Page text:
Medical

First transfusions of "manufactured" blood planned for 2016

First transfusions of "manufac...
In the not-too-distant future, blood made with lab-grown red blood cells could be readily available for use in transfusions (Image: Shutterstock)
In the not-too-distant future, blood made with lab-grown red blood cells could be readily available for use in transfusions (Image: Shutterstock)
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In the not-too-distant future, blood made with lab-grown red blood cells could be readily available for use in transfusions (Image: Shutterstock)
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In the not-too-distant future, blood made with lab-grown red blood cells could be readily available for use in transfusions (Image: Shutterstock)

According to the World Health Organization, approximately 107 million blood donations are collected globally every year. Nonetheless, blood is often in short supply – particularly in developing nations. Despite new safeguards, there's also still the risk of incompatibility, or of infections being transmitted from donors to recipients. Charitable organization the Wellcome Trust hopes to address these problems, by developing the ability to manufacture blood outside of the body. Last week, it announced that test subjects should begin receiving transfusions of blood made with lab-grown red blood cells by late 2016.

The research program is being led by the Scottish National Blood Transfusion Service, thanks to the Wellcome Trust's £5 million (US$8.4 million) Strategic Award grant. Institutions collaborating on the project include the University of Glasgow, the University of Edinburgh, Loughborough University, NHS Blood and Transplant, the Irish Blood Transfusion Service, Roslin Cells Ltd and the Cell Therapy Catapult, in collaboration with Bristol University and the University of Cambridge.

The project has already created type O- red blood cells that are "fit for clinical transfusion," according to a report in The Telegraph. These were manufactured from induced pluripotent stem cells.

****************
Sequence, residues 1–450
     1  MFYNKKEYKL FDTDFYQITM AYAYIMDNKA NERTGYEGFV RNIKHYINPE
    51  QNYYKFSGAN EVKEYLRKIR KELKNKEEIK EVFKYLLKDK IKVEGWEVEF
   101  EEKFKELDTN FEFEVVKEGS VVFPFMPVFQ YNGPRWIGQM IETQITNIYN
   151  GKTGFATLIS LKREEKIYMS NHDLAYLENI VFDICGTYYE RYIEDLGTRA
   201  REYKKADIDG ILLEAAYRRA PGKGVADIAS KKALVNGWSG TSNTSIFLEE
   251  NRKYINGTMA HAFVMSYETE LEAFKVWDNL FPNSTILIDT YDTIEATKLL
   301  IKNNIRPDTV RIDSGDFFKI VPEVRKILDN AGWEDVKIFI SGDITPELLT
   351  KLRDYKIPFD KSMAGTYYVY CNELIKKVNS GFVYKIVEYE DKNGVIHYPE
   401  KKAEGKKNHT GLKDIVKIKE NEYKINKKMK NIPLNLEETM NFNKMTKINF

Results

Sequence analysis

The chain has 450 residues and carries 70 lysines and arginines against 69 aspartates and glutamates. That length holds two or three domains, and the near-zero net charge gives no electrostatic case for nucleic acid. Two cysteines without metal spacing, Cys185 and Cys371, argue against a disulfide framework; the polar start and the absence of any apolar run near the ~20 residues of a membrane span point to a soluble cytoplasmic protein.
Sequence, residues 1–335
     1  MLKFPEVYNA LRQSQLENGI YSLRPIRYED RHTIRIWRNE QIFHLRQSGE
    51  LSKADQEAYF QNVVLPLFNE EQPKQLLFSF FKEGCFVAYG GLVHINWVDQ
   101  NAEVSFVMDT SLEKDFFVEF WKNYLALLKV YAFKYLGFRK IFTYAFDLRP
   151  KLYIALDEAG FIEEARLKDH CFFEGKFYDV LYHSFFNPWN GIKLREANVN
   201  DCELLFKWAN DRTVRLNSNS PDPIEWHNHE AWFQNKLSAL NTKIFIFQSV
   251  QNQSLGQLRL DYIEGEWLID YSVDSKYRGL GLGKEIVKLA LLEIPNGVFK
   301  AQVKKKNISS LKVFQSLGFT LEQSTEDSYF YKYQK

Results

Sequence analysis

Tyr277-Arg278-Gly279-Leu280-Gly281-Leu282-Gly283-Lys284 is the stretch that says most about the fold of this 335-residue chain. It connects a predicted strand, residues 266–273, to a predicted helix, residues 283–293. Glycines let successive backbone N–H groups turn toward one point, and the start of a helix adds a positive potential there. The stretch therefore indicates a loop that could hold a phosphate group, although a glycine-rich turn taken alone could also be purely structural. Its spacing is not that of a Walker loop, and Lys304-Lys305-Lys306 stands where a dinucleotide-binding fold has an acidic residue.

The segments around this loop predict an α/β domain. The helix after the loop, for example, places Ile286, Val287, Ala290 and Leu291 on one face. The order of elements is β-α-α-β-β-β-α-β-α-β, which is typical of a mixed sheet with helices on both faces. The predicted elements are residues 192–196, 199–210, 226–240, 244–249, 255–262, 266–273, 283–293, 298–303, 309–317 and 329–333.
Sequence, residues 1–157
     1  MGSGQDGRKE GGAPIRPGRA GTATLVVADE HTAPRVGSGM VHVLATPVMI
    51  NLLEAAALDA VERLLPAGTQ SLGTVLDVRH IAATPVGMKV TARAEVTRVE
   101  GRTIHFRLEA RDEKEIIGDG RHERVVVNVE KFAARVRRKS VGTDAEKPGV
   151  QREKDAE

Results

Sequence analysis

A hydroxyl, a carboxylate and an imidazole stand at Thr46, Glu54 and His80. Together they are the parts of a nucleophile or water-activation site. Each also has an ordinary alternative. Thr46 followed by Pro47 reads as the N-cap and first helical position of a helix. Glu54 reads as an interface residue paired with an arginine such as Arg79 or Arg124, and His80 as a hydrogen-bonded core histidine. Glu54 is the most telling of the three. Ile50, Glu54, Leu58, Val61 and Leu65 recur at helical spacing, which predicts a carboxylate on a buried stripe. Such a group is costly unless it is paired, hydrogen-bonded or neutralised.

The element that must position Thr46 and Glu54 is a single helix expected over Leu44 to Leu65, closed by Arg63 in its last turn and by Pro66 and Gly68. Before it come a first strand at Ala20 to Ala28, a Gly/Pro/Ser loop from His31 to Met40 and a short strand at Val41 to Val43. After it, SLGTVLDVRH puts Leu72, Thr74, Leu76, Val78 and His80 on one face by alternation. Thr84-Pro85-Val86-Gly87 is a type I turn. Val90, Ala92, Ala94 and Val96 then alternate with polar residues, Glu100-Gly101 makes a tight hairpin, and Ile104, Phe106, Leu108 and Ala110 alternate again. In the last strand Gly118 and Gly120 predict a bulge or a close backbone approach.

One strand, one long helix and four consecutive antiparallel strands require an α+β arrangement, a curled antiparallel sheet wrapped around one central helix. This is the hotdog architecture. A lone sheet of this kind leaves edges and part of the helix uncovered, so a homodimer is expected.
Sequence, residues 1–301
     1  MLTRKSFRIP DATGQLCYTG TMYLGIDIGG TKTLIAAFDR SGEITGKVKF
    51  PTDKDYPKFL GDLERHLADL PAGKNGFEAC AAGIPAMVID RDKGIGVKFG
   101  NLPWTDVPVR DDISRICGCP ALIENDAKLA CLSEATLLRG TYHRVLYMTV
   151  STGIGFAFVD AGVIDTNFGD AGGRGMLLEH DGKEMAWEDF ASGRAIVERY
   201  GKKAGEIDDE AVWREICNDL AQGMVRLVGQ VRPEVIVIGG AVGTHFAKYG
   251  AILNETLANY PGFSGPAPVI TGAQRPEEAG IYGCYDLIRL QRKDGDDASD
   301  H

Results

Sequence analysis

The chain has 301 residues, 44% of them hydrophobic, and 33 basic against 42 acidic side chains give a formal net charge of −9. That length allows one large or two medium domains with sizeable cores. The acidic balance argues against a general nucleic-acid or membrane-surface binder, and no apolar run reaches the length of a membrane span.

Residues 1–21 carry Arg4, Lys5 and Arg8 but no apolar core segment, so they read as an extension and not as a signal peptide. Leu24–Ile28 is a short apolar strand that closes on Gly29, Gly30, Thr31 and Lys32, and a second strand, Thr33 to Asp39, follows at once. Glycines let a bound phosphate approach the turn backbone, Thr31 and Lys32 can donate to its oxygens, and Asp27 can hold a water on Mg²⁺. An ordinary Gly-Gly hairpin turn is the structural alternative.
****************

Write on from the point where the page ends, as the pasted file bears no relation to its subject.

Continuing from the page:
"We must first make the stem cells become a mesoderm – one of the body layers that makes things like muscle, bone and blood – and then get it to turn into blood cells," explained the University of Glasgow's Dr. Joanne Mountford. "Then we have to make it develop into a red blood cell specifically and finally make it eject its nuclei and mature properly."

The choice of type O- is significant, as patients with all other blood types can receive it.

While it is hoped that trials on human patients could begin within three years, there's still plenty of work to be done before so-called "blood factories" are a reality.

"Every single bag of transfused blood has about two trillion red blood cells in it," said Mountford. "It’s a ludicrously high number to make in the lab. We use two million of those bags every year in the UK alone. Ensuring that any industrially produced blood can be made economically viable is quite a task."

Sources: Wellcome Trust, University of Glasgow via The Telegraph

3 comments
JoejustJoe
Ok why the heck are they not using the all ready developed 3d printed bone marrow structure tech, maintain them with a nutrient supply and getting a near endless amount of type o blood? Their system demands Stem cells constantly.
Slowburn
Is this really a better idea than room temperature storage synthetic oxygen carrier.
Twinkle Pandagre
This would be just great for people with really rare type of blood. Wonder how it would work for the patients who require blood transfusion on a regular basis for their life time.